Show One was awful. The audience didn't like me and the sound system was not helping my cause. The audience were having a problem hearing me; in fact there was an American guy who shouted in a very brash New York accent, "We can't hear you." I immediately responded: "We can hear you!" A clever reply, but not an apt one. It made me appear like a real smart arse. I then followed it with a gag that made my grave even deeper. I said, "Are you American? (knowing full well that he was). He replied, "I sure am." I said, "You always have had a problem hearing us British. We blew the bugle in 1939 and you never heard it until 1945!" Now the audience really hated me. I wound up my act very quickly and left the stage to the sound of my own footsteps. As they say in show business: I died a death!

Later that evening I was at the bar drowning my sorrows, when a very cocky member of staff - who had quite obviously been poisoned against me by the cruise director - came up to me and started patronising me and my act. For a short while I stood for his very snide remarks and cutting comments until he said, "If I were you!" I just snapped and said, "Well you're not me, so why don't you shut up and fuck off". Not a good thing to say, but I really wasn't in the mood for being Mr. Nice Guy. Don't you just hate it when people think they know what's best for you and they try and rearrange your life, but they can't even organise their own sad little existence? I turned away and went straight back to my cabin.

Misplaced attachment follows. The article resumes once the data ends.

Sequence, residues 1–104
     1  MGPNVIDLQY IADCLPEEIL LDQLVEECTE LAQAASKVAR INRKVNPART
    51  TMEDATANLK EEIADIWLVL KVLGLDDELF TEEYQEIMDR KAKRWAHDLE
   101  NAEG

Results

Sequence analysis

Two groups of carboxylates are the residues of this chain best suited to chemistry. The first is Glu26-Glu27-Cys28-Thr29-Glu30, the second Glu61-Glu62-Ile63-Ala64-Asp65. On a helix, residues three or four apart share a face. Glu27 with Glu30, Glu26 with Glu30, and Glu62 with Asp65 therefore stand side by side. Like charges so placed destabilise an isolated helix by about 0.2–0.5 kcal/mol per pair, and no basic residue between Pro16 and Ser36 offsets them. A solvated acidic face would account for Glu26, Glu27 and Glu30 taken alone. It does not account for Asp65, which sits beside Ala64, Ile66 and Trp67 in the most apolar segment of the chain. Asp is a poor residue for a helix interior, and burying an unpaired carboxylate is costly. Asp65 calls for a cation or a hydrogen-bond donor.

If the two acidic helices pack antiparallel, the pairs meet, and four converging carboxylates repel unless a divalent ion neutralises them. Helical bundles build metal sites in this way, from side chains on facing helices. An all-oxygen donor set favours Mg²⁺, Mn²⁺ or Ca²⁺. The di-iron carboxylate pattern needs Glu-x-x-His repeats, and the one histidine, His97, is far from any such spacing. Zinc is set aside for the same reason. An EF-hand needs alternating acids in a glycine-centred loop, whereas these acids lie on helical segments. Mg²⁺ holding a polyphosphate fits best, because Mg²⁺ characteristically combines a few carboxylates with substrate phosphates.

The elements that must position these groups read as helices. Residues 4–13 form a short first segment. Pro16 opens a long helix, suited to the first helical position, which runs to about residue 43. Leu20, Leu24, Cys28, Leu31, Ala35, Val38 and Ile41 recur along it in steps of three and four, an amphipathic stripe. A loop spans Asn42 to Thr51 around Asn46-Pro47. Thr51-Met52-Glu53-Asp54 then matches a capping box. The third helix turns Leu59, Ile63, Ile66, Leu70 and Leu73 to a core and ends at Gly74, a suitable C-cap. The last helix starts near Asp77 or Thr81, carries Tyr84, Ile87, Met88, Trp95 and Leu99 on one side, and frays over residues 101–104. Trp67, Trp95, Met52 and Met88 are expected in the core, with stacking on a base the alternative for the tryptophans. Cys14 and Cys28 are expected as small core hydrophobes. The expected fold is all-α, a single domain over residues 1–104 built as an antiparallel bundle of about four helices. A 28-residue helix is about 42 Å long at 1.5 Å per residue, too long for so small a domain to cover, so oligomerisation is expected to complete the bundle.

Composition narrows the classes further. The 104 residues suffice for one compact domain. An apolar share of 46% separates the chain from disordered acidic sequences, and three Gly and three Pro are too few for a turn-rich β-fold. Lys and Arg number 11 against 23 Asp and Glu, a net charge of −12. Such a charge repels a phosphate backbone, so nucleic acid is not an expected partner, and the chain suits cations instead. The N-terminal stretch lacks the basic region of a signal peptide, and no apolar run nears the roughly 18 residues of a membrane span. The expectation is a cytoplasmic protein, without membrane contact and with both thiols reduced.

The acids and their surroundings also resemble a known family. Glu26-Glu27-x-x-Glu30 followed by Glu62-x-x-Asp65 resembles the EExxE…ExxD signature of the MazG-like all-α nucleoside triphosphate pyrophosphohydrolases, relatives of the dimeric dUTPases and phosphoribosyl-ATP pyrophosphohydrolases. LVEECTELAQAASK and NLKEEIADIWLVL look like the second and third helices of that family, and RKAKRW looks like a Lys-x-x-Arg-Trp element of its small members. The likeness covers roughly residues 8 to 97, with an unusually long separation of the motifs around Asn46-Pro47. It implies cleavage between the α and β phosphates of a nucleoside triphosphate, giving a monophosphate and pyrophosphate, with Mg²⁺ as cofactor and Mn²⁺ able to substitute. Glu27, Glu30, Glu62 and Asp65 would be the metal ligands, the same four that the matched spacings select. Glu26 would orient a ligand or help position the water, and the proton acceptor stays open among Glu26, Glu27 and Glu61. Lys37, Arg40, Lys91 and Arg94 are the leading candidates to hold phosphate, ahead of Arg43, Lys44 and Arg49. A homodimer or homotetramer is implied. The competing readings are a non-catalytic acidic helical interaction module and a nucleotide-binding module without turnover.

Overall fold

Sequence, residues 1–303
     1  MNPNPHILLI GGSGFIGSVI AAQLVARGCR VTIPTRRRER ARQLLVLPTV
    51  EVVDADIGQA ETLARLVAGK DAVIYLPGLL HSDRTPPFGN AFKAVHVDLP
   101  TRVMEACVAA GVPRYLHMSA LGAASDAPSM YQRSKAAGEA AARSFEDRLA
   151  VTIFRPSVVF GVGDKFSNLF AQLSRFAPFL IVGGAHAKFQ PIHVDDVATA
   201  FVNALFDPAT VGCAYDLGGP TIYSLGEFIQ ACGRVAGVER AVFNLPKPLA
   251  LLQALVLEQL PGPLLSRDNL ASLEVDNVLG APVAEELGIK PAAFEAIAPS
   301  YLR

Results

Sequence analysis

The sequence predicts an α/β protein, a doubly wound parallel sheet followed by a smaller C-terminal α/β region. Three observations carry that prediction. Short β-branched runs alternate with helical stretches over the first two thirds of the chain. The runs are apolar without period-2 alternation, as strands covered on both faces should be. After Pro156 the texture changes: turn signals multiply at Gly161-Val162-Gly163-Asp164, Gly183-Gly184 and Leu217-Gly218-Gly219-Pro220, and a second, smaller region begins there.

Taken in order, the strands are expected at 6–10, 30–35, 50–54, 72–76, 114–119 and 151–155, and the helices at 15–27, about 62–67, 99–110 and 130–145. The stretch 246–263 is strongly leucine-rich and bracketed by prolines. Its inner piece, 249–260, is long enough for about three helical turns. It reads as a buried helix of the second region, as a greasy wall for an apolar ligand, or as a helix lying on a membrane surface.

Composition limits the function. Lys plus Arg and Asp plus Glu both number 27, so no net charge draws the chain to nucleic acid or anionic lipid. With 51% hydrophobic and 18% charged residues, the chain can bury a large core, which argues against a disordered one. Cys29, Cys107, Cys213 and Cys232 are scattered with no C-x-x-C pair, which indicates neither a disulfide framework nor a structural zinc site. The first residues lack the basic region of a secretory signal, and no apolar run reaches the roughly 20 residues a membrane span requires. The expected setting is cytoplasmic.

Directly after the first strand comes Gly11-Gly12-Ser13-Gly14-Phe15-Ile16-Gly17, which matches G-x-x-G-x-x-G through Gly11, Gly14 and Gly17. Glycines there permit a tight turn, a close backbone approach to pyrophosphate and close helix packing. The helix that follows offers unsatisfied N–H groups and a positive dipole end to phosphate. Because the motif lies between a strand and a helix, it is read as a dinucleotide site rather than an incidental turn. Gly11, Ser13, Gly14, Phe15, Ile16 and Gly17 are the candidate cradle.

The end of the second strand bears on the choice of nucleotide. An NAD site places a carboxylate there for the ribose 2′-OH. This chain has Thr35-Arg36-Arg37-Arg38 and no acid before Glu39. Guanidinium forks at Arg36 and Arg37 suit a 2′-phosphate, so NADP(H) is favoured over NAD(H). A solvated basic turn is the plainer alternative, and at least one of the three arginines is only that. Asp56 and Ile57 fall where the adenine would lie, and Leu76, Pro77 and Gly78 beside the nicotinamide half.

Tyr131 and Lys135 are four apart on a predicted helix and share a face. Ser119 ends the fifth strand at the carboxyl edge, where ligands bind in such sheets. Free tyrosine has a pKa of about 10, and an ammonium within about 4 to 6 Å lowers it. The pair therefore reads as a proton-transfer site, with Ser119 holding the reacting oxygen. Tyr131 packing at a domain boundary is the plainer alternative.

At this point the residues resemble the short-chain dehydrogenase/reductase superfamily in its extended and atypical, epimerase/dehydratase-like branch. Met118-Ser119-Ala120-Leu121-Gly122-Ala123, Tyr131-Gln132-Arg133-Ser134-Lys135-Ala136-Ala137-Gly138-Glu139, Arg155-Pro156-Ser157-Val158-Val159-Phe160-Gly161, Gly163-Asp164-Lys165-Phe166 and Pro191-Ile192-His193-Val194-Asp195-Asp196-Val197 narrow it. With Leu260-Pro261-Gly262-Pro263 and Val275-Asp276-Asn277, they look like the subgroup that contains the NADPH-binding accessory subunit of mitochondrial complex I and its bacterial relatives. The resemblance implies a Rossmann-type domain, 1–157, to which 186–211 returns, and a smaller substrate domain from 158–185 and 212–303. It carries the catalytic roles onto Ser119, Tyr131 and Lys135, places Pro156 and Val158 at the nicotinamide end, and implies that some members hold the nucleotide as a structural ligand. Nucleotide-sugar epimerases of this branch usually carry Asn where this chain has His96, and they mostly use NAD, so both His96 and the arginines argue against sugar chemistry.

The next morning, I received a copy of a letter from the Cruise Director that had been sent to the captain from the American guy in the previous night's audience. He complained about my act, and how insulted he was made to feel, because of the joke I made about the war. I was informed to report to the Cruise Director's office immediately.

I must admit that I felt like a naughty little schoolboy who had to report to the headmaster. I went to his office and listened to what he had to say. I felt so deflated, and my next show felt as though I was auditioning for what I considered a bunch of amateurs - the cruise staff. It wasn't a good show; I just wasn't in the mood. I remember coming off stage and the Cruise Director was waiting in the wings watching the technicians packing away one of my illusions; he just looked at me and said, "So, that's how it's done!" I walked away and couldn't help whispering under my breath, "I'm getting paid a lot of money for this. You're the one that's being done!" Two shows down, one to go. I just wanted to get back home; I despised everything about the SS Canberra.

The following day the ship docked into Haifa in Israel and everybody was getting excited about going on a trip to Bethlehem. Not me! I couldn't give a shit about Bethlehem; in fact I stayed in my cabin all day rehearsing the act I was due to perform a couple of weeks later at the London Palladium on the Children's Royal Variety Performance.

We then arrived in Greece and I decided to go ashore and make some telephone calls. My first call was to my agent and I explained to him the problems I was encountering and said that I never wanted to do another cruise. I then tried to call my parents, but there was no answer. My parents being unobtainable was a blessing in disguise, because when I later returned home I learnt my Mum had suffered a minor stroke. Luckily, she made a nearly full recovery - but if I had found out that she had suffered the stroke when I tried to telephone, it would have given me the perfect excuse to fly home.